British Columbia insists the sale of Kinder Morgan Inc.’s pipeline to Canada’s federal government won’t sway its opposition to a project seen as a lifeline to the nation’s oil industry.

But it may mean the Pacific Coast province is now powerless to stop it.

In an extraordinary development early Tuesday, the federal government announced it would buy the Trans Mountain pipeline system and its planned expansion project for $4.5 billion to ensure it gets built. The move ended weeks of speculation sparked by Kinder Morgan’s threat to abandon a project facing “unquantifiable risk” as the British Columbia government vowed to use every tool to block it.

“Does this change anything? It might,” said David Austin, a lawyer at Clark Wilson LLP in Vancouver who has appeared before regulatory tribunals and advised on energy project development. “A senior government being subject to a regulation by junior government -- typically that just doesn’t happen.”

British Columbia, the birthplace of Greenpeace, provides critical ocean access to get Canada’s landlocked exports out of oil-rich Alberta to new buyers. But the provincial government -- elected last year on a pledge to block the project -- filed a legal case seeking jurisdiction to impose additional marine protection measures, such as capping future bitumen shipments, that would effectively derail the project.


The federal government’s acquisition of the project “has not changed the course of the government of British Columbia” and the province has “no intention” of withdrawing its legal reference case, Premier John Horgan told reporters Tuesday in Victoria.

But he also acknowledged: “It will be a federally owned project and that has some difference in terms of the paramountcy of the federal government.”

Prime Minister Justin Trudeau emphasized those differences in his first public comment since his government’s announcement. “A lot of the legal barriers and a lot of the challenge points actually disappear,” Trudeau said Tuesday afternoon at a Bloomberg event in Toronto.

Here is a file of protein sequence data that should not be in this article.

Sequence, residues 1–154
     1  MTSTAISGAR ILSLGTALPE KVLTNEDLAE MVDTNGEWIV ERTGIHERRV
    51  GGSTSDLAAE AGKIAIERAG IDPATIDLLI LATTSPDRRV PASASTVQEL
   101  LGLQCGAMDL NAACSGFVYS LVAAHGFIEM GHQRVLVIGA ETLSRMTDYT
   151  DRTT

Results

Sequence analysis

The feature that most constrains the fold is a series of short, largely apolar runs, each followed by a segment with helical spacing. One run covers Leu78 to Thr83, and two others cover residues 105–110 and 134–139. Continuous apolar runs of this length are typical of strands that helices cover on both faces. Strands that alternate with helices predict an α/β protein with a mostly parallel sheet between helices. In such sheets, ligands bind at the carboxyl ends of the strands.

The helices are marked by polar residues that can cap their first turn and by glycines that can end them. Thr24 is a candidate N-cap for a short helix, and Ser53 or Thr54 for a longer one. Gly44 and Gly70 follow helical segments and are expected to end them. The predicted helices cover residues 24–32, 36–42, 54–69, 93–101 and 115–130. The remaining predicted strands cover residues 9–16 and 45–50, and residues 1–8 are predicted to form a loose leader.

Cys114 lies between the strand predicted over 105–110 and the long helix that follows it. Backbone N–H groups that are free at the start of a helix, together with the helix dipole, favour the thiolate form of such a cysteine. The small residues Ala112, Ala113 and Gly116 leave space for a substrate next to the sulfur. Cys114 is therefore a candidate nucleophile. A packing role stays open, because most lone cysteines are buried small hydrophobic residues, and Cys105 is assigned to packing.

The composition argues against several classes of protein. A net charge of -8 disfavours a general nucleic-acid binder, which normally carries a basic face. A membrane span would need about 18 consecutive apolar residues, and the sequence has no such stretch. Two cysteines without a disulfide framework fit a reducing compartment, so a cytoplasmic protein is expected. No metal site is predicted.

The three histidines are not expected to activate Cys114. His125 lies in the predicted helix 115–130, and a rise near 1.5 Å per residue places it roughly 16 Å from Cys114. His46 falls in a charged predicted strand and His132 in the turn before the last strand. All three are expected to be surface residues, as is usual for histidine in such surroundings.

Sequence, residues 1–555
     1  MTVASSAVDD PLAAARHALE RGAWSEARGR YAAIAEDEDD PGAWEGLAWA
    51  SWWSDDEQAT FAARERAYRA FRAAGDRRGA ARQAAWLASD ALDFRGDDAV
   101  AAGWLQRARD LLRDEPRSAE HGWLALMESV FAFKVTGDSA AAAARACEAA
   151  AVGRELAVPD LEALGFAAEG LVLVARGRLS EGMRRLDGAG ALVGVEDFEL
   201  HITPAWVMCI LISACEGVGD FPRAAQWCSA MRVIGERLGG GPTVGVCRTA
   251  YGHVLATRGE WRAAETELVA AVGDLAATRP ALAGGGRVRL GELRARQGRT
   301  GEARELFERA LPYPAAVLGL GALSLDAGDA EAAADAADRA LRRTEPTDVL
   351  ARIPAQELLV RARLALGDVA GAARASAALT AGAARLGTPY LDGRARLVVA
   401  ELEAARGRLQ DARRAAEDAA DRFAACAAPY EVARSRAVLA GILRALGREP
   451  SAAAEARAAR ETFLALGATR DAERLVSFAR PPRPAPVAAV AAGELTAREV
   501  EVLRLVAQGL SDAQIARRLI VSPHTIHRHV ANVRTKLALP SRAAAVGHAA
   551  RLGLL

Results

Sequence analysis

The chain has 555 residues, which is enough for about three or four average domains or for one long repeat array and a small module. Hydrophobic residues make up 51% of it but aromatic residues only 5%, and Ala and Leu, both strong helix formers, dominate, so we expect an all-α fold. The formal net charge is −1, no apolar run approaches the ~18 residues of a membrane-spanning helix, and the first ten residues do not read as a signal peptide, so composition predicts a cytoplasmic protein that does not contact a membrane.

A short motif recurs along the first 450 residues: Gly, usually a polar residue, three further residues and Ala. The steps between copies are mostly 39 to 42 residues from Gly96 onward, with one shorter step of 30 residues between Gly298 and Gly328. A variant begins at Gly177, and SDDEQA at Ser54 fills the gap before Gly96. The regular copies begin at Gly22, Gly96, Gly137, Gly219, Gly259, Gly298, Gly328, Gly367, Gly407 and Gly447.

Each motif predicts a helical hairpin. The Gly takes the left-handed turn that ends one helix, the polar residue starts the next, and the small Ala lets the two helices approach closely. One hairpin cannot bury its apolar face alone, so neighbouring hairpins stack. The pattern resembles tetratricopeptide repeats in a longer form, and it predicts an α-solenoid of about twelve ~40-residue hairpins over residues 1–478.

Among the reasons the company cited when it threatened to walk away in April was inordinate permit delays by the city of Burnaby, where the pipeline ends. That would no longer be a concern -- the federal government could simply choose to carry on without them if it owns the project, according to Austin.

“If the province of British Columbia tries to get an injunction to stop the federal government from going ahead with the pipeline, it is highly unlikely it will get very far in a Canadian court,” Austin added.


Alberta Premier Rachel Notley, who’s been locked in an escalating battle with Horgan over his opposition and has passed a bill threatening to cut off oil and gas shipments to British Columbia, struck a triumphant tone at a press conference in Edmonton.

“By purchasing the project, the federal government now has the power to make sure that it goes ahead,” she said. “They have a form of Crown immunity, which actually limits the degree to which provincial laws would apply to the project.”

Notley added: “This is the most certainty this project has ever had.”

That said, if it takes federal ownership to construct a project that Kinder Morgan was unable to do, that may be sign of a broader failure in Canada -- not a win.

“Our regulatory processes are fundamentally broken,” the Business Council of British Columbia said in a statement. “The need for federal tax payers to purchase this project have exposed fundamental flaws in the regulatory systems at all levels of government.”

As Royal Dutch Shell nears a final investment decision on a proposed C$40 billion liquefied natural gas project in northern British Columbia, hopes this may signal an easier path ahead for major energy projects in Canada may be misplaced.

“We view the announcement as negative for entities considering large resource-focused capital investments in Canada such as LNG, pipelines or oilsands projects, given the inability for the rule of law and regulatory approvals to allow projects to move forward,” GMP Securities analysts led by Robert Fitzmartyn said in a note to clients. “We are left questioning why any company would pursue large capital investment in Canada.”

--With assistance from Kevin Orland, Greg Quinn, Kristine Owram, Michael Bellusci and Josh Wingrove.